Joint venture reports on cyberthreats

Infrastructure Defense Inc. (iDefense) and Oxford Analytica this month forgeda joint venture that will offer defense and intelligence agencies and commercialfirms comprehensive global intelligence reports dealing with the protectionof critical electronic infrastructures.

The memorandum of understanding signed between the two companies willbring iDefense's expertise of information warfare threats together withOxford Analytica's global network of academic expertise in political andeconomic risk analysis to produce strategic-level reports focusing on cyberthreats.

"Our mission has always been to gather information, sanitize it andpush it out in a very tailored way to our clients," said James Adams, chiefexecutive officer of iDefense. "However, government agencies see a needfor knowledge that they currently don't have access to, and they need itwith the proper amount of context."

Oxford Analytica's expertise in the political and economic ramificationsof cyberthreats and incidents will provide that context, he said.

Alexandria, Va.-based iDefense offers government agencies, includingmany Defense Department and intelligence agencies, network penetration testingand analysis and programming expertise, Adams said. The company also dedicates10 people to an operations center that it plans to make into an around-the-clockservice where clients can get real-time updates on cyber-related threatsand incidents. With the addition of Oxford Analytica, those updates alsowill include on-the-spot consultation with political and economic expertsthat can place the event in a strategic framework.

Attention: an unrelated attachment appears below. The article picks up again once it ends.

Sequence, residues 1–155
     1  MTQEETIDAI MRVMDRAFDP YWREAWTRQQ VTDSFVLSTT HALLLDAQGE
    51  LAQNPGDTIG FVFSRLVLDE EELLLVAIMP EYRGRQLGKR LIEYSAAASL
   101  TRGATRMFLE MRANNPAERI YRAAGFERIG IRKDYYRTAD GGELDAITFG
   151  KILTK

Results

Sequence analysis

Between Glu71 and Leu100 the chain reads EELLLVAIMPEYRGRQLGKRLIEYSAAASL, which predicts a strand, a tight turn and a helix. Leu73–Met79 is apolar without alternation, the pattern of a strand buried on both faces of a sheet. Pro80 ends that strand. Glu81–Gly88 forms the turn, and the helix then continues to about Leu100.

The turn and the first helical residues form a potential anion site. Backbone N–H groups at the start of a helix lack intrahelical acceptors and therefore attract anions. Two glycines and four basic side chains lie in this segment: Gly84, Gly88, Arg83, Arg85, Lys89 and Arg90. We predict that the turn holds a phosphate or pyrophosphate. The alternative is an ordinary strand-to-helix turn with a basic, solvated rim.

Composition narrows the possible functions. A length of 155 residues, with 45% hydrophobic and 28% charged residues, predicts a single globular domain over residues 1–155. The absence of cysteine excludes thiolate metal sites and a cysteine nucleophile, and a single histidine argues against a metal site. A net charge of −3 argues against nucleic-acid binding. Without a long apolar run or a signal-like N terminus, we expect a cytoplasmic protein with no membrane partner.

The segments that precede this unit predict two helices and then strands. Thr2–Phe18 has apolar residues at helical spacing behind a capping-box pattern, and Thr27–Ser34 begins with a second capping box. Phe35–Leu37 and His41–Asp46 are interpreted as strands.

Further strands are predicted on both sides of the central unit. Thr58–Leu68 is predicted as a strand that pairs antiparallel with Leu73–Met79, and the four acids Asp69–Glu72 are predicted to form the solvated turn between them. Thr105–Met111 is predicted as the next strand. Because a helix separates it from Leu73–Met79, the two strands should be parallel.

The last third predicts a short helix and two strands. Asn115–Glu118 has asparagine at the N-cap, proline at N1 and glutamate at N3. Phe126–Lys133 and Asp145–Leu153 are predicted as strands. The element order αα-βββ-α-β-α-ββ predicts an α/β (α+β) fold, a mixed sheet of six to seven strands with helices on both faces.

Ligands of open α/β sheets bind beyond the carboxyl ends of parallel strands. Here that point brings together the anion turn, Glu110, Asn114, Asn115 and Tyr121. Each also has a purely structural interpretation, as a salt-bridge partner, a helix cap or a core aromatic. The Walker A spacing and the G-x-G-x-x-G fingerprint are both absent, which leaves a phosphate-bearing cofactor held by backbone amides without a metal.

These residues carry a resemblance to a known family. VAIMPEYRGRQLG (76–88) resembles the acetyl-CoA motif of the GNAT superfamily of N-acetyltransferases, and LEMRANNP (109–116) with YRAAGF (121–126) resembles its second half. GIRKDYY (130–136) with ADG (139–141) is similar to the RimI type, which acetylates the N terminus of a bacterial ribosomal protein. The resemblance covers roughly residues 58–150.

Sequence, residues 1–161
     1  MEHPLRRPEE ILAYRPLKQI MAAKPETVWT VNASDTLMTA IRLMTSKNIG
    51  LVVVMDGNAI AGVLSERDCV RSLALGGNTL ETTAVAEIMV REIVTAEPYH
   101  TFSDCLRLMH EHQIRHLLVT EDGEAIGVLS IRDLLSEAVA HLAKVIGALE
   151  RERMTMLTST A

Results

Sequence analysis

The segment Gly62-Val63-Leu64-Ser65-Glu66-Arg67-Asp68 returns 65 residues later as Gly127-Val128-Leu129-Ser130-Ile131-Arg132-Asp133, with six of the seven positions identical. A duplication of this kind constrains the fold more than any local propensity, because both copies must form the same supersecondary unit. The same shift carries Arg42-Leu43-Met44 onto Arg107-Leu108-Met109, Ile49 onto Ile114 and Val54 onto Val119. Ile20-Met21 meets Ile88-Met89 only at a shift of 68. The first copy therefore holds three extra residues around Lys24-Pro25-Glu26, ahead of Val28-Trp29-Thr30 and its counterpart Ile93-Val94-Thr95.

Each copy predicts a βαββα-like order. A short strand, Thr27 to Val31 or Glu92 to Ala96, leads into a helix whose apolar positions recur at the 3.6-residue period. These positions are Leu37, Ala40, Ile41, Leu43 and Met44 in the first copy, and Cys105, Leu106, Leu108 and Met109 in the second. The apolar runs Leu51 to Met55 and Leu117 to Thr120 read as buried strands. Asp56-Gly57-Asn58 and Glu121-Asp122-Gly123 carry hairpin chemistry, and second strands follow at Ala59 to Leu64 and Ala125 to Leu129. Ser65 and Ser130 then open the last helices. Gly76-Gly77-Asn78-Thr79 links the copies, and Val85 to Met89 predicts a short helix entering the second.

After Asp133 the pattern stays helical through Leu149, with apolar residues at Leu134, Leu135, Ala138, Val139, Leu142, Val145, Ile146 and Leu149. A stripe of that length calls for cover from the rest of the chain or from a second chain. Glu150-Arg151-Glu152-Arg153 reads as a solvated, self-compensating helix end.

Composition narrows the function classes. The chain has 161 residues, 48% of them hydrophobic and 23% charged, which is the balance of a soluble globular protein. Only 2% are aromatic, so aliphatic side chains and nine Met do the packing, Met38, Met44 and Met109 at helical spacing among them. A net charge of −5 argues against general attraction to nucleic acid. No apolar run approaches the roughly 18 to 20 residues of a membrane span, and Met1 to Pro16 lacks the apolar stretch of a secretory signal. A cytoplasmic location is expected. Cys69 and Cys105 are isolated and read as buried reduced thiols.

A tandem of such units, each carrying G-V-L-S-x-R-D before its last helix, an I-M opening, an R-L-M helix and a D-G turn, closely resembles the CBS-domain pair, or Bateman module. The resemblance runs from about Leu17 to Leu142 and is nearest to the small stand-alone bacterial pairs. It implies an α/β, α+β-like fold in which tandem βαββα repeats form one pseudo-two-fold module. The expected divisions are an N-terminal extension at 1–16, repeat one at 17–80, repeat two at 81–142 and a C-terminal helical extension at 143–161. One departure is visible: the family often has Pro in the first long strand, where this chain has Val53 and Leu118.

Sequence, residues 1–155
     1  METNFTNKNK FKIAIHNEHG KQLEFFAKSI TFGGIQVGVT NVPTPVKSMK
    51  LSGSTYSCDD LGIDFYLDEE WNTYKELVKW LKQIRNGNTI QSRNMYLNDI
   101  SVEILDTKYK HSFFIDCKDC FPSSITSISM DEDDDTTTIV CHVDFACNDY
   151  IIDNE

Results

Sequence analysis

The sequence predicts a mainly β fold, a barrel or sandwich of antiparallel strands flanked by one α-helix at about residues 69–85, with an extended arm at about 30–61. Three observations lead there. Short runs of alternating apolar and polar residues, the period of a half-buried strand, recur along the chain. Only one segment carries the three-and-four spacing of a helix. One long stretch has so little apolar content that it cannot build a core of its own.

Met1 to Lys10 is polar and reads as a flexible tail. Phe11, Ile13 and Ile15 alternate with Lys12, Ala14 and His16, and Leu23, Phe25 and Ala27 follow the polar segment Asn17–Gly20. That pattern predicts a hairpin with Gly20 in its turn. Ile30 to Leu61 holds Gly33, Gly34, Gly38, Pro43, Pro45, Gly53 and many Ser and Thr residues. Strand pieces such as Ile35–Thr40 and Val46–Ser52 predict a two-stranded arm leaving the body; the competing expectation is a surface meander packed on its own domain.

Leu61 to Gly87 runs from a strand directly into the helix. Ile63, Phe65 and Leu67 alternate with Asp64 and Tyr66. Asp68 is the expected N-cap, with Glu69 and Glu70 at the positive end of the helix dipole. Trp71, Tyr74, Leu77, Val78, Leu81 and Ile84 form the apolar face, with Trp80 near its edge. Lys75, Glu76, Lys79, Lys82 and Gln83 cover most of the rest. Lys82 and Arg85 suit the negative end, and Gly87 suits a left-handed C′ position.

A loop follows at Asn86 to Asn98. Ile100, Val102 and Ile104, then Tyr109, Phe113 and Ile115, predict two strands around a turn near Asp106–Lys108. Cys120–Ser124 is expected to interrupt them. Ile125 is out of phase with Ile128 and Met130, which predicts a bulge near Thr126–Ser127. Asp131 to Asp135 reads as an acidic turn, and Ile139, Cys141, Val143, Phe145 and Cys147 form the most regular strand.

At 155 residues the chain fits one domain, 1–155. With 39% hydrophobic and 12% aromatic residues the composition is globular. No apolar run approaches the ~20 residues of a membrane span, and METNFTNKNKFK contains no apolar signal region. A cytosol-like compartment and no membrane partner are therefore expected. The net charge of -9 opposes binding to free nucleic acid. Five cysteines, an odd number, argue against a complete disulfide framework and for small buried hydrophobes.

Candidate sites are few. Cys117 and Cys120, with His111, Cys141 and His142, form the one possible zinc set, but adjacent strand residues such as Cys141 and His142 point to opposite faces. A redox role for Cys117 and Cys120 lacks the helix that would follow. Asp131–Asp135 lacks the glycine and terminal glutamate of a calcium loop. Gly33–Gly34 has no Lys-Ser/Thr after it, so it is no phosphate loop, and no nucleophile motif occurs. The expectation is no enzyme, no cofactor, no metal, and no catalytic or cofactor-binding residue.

An example of the type of framework that Oxford Analytica can provideto iDefense's cyberthreat assessments would be an analysis of whether theChinese government is prepared to use its military's cyber capabilitiesagainst Taiwan, said David Young, managing director of Oxford Analytica.Oxford Analytica's resources include a cadre of at least 50 professors fromOxford University in England who specialize in political and economic analysis,as well as more than 1,000 professors from other major universities in theworld. Most of Oxford Analytica's client base receives the company's productsvia the Internet, and users can elect to receive e-mail updates on newlyavailable products and analyses.

According to Adams and Young, clients pay for these services and productsbased on their needs. Some clients receive products on a regular basis,while others prefer to get them intermittently, Adams said.

While analysts estimate that information security services representa multibillion-dollar market, the demand for outsourcing of critical infrastructurethreat assessments is growing, particularly since government agencies andcompanies worldwide have increasingly fewer resources to dedicate to thetask, Adams said.

Michael Kush, chairman of the Government Electronics and InformationTechnology Association's (GEIA) defense team, said the intelligence community'snet budget level remains roughly the same as it was five years ago. Buthe added that information assurance services, particularly those relatedto outsourcing, represent one of the major growth areas for industry."[Users] cannot do the number of vulnerability assessments required," saidKush, speaking last week at GEIA's annual budget forecast conference. "Theyneed certified vendors who can help them."

GEIA estimates that the intelligence community will invest $2 billionover the next 10 years in information assurance research, procurement andoperations.

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